Here's a quick checklist for making a will in Oklahoma:
A will, also called a "last will and testament," can help you protect your family and your property. You can use a will to:
In Oklahoma, if you die without a will, your property will be distributed according to state "intestacy" laws. Oklahoma's intestacy law gives your property to your closest relatives, beginning with your spouse and children. If you have neither a spouse nor children, your grandchildren or your parents will get your property. This list continues with increasingly distant relatives, including siblings, grandparents, aunts and uncles, cousins, nieces and nephews. If the court exhausts this list to find that you have no living relatives by blood or marriage, the state will take your property.
No. You can make your own will in Oklahoma, using Nolo's Quicken WillMaker & Trust. However, you may want to consult a lawyer in some situations. For example, if you think that your will might be contested or you have especially complicated goals, you should talk with an attorney. See Do I Need an Attorney to Make My Estate Plan?
To make a will in Oklahoma, you must be:
Even if a guardian or conservator has been appointed over a person, he or she may still be able to make a will. However, in that case, you must sign and acknowledge your will in front of a district court judge who witnesses the execution of the will but doesn't have any authority or responsibility to approve what's in the will or declare it valid. Oklahoma Statutes § 84‑41(B).
You can use your will to dispose of both your real and personal property. Oklahoma Statutes § 84‑41(A).
You must generally make your will on hard copy. That is, it must be on actual paper. It cannot be on an audio, video, or any other digital file. (Although, see "Can I Make a Digital or Electronic Will?," below.) Oklahoma does permit handwritten wills (Oklahoma Statutes § 84‑54), but they are usually not a good idea.
Oklahoma also recognizes nuncupative (oral) wills in limited circumstances. To make a valid nuncupative will, you must have been in military service in the field or doing duty on shipboard at sea and in peril or fear of death or believing you would immediately die from an injury you received that same day. Also, your estate must be worth $1,000 or less and have two witnesses present when you declare your will out loud. Oklahoma Statutes § 84‑46.
To finalize your will in Oklahoma:
A holographic will in Oklahoma must be entirely written in your handwriting, and dated and signed by you. It does not need to be witnessed. Oklahoma Statutes § 84‑54.
No, in Oklahoma, you do not need to notarize your will to make it legal.
However, Oklahoma allows you to make your will "self-proving" and you'll need to go to a notary if you want to do that. A self-proving will speeds up probate because the court can accept the will without contacting the witnesses who signed it.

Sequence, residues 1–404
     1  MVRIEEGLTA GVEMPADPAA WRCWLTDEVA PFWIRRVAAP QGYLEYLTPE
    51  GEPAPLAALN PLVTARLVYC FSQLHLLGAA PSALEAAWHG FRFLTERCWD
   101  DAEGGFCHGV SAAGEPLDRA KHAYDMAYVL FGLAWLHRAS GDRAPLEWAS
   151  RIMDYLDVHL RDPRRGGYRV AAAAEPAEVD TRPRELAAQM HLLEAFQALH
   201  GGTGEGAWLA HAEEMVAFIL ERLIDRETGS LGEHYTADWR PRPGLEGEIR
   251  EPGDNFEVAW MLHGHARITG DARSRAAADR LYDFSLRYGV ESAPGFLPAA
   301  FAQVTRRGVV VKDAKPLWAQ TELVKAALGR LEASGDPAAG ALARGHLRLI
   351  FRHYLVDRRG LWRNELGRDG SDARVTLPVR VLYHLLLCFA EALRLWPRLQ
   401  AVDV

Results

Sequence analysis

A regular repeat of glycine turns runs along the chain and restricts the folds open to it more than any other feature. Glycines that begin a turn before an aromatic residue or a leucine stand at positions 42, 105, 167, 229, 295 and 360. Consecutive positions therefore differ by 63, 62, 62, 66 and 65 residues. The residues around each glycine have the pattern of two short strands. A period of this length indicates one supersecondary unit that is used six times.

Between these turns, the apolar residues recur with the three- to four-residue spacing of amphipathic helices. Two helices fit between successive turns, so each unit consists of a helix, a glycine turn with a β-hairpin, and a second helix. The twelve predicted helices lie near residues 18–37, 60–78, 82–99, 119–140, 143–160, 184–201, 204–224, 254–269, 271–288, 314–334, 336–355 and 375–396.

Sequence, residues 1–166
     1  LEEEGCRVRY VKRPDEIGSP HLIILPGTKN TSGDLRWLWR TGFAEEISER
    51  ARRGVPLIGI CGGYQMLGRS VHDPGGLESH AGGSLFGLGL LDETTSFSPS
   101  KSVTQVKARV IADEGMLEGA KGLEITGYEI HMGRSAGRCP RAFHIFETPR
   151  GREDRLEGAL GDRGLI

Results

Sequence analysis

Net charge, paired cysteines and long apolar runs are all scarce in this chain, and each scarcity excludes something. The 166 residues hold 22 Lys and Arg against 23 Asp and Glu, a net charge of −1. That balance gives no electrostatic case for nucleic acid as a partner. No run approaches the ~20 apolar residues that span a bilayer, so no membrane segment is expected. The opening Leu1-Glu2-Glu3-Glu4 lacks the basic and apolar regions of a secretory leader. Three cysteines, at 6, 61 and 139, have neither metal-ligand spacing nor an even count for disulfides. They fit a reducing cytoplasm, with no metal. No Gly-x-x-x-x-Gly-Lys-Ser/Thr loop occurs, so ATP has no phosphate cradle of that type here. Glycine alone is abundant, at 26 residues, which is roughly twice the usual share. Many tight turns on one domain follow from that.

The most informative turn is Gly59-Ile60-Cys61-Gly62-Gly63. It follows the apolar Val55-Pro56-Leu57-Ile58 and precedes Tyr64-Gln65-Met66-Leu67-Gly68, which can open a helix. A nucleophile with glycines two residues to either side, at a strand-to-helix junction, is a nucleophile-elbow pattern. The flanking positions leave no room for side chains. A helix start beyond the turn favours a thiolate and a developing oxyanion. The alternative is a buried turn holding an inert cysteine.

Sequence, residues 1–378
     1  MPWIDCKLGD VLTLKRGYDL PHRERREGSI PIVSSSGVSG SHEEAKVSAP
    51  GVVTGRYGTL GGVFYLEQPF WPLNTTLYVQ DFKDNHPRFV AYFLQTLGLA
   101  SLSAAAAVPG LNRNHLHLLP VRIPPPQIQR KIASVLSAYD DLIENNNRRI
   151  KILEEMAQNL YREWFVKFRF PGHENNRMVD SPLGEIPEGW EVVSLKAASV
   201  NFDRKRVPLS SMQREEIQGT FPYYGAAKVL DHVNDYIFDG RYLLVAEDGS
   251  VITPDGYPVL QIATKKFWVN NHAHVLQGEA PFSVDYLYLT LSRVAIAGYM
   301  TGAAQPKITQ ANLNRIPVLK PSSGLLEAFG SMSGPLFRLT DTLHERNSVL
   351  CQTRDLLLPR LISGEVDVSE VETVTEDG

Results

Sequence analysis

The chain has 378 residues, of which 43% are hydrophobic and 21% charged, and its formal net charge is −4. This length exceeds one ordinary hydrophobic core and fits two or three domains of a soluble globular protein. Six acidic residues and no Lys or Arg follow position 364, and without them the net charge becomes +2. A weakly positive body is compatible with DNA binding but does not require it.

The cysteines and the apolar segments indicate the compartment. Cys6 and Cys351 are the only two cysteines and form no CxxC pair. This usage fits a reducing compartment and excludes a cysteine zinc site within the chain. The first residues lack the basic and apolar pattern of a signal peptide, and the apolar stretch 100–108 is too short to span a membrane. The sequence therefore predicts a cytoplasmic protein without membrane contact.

To make your will self-proving you and your witnesses will go to the notary and sign an affidavit that proves who you are and that each of you knew you were signing the will. Oklahoma Statutes § 84‑55.
Yes. In Oklahoma, you can use your will to name an executor who will ensure that the provisions in your will are carried out after your death. Nolo's Quicken WillMaker produces a letter to your executor that generally explains what the job requires. If you don't name an executor, the probate court will appoint someone to take on the job of winding up your estate.
You can revoke your will by:
If you and your spouse divorce (or if a court determines that your marriage is not legal), Oklahoma law revokes any language in your will that "favors" your spouse. This rule does not apply if you happen to remarry your spouse or you make a new will after your divorce. Oklahoma Statutes § 84‑114. If you have any concerns about the effects of divorce on your will, see an estate planning attorney for help.
If you need to make changes to your will, it's best to revoke it and make a new one. However, if you have only very simple changes to make, you could add an amendment to your existing will – this is called a codicil. In either case, you will need to finalize your changes with the same formalities you used to make your original will (see above).
In a handful of states, you can make a legal will digitally—that is, you can make the will, sign it, and have it witnessed without ever printing it out. Although such electronic wills are currently available in only a minority of states, many other states are considering making electronic wills legal. Oklahoma currently doesn't allow e-wills, but that may change in the future.
You can find Oklahoma's laws about making wills here: Oklahoma Statutes Title 84 Wills and Succession.